I leave you with some words I stole from Mayor Bing's Facebook persona. This comment came from a Detroit resident upon hearing about the BCBSM move: “Thank you for starting to make Detroit a city where businesses WANT to be. :)”

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 Arduboy Business Card Plays Tetris, Might Be for Sale - TIME
TIME Gadgets

Business Card Plays Tetris, Might Be for Sale Soon

TAKE MY MONEY!

+ READ ARTICLE

The above video showcases a credit card-sized whatsit with a built-in screen, control pad and two buttons. It plays Tetris! If you’re not convinced by now that we’re either at or very near the pinnacle of human ingenuity, I’m not sure I’d ever be able to convince you otherwise and I’m not sure it’s worth your time to keep reading this. We should amicably go our separate ways.

For the rest of you, this project is called Arduboy. It’s about a millimeter and a half thick and apparently packs north of nine hours of battery life. Its creator, Kevin Bates, created the proof-of-concept you see in the above video and has plans to roll out a Kickstarter campaign to sell these things, complete with a website where people can share other types of software and games they create for Arduboy.

Bates writes on his site that he wants to use Kickstarter to raise $820 to cover licensing costs. I write here that he’ll probably be able to raise that amount faster than he can clear the first level of Tetris. He’ll also probably have to sell the cards without a game loaded onto them to avoid legal issues, though.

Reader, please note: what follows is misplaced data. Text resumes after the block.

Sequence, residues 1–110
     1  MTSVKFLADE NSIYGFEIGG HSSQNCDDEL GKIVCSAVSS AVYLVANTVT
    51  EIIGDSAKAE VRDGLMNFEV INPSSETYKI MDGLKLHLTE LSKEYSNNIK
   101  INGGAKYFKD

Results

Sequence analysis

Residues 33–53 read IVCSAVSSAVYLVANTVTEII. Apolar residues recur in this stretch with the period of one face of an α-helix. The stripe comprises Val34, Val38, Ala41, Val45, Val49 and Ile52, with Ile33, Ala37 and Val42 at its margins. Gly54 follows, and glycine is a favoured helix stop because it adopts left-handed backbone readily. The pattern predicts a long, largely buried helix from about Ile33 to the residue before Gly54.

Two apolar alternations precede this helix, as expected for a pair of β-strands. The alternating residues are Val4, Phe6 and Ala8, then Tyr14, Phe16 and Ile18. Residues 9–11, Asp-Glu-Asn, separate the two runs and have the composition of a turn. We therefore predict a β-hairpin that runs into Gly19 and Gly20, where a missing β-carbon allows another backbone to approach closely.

No word on how much a final version would cost, but you can visit Bates’ website to read more about how the project came together, complete with photos of the Qdoba and REI gift cards he used to test some of the early builds.

My business card plays Tetris [YouTube via The Next Web]

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 MIT Student Creates Connect Four Playing Robot for Course Final - TIME
TIME technology

This Robot Would Very Much Like to Play a Game of Connect Four With You

Game on

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When the singularity finally hits and artificial intelligence takes over everything, at least we know some of the robots will know how to have a good time — like this Connect Four-playing bot, programmed by MIT student Patrick McCabe.

Users can choose between four levels of difficulty and can even ask for a hint if needed. Head over to McCabe’s website for a detailed breakdown of how the machine works. In the meantime, watch here as the bot beats McCabe in the first round — and even taunts him a little bit before clinching the game.